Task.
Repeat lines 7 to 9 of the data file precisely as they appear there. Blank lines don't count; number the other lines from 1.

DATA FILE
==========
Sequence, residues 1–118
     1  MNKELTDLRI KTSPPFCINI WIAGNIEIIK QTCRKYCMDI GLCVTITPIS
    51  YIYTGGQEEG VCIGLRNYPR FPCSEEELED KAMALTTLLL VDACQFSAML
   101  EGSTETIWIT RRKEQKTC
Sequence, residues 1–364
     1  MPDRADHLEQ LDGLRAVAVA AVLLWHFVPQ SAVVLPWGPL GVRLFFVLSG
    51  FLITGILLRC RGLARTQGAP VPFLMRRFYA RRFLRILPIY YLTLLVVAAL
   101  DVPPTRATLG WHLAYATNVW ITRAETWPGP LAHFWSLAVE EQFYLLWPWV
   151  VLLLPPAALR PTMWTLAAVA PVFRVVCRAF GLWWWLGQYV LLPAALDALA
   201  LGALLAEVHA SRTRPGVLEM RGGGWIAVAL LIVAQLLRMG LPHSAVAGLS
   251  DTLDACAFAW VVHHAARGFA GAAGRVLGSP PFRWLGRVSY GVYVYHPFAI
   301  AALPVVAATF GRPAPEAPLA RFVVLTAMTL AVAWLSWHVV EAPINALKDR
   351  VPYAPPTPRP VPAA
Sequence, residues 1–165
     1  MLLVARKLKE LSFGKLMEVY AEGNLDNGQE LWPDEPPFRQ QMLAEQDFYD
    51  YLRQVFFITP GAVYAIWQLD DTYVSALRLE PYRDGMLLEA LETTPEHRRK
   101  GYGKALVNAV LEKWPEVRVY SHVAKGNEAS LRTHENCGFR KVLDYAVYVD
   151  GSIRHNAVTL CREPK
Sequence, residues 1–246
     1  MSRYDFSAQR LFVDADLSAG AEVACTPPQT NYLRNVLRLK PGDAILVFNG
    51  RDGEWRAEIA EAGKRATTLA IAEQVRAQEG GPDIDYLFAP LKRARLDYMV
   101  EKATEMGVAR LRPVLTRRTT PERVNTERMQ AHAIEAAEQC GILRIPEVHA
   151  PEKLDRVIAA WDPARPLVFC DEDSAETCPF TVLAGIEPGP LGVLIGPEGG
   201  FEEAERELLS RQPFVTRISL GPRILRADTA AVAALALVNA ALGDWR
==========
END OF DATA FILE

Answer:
    51  FLITGILLRC RGLARTQGAP VPFLMRRFYA RRFLRILPIY YLTLLVVAAL
   101  DVPPTRATLG WHLAYATNVW ITRAETWPGP LAHFWSLAVE EQFYLLWPWV
   151  VLLLPPAALR PTMWTLAAVA PVFRVVCRAF GLWWWLGQYV LLPAALDALA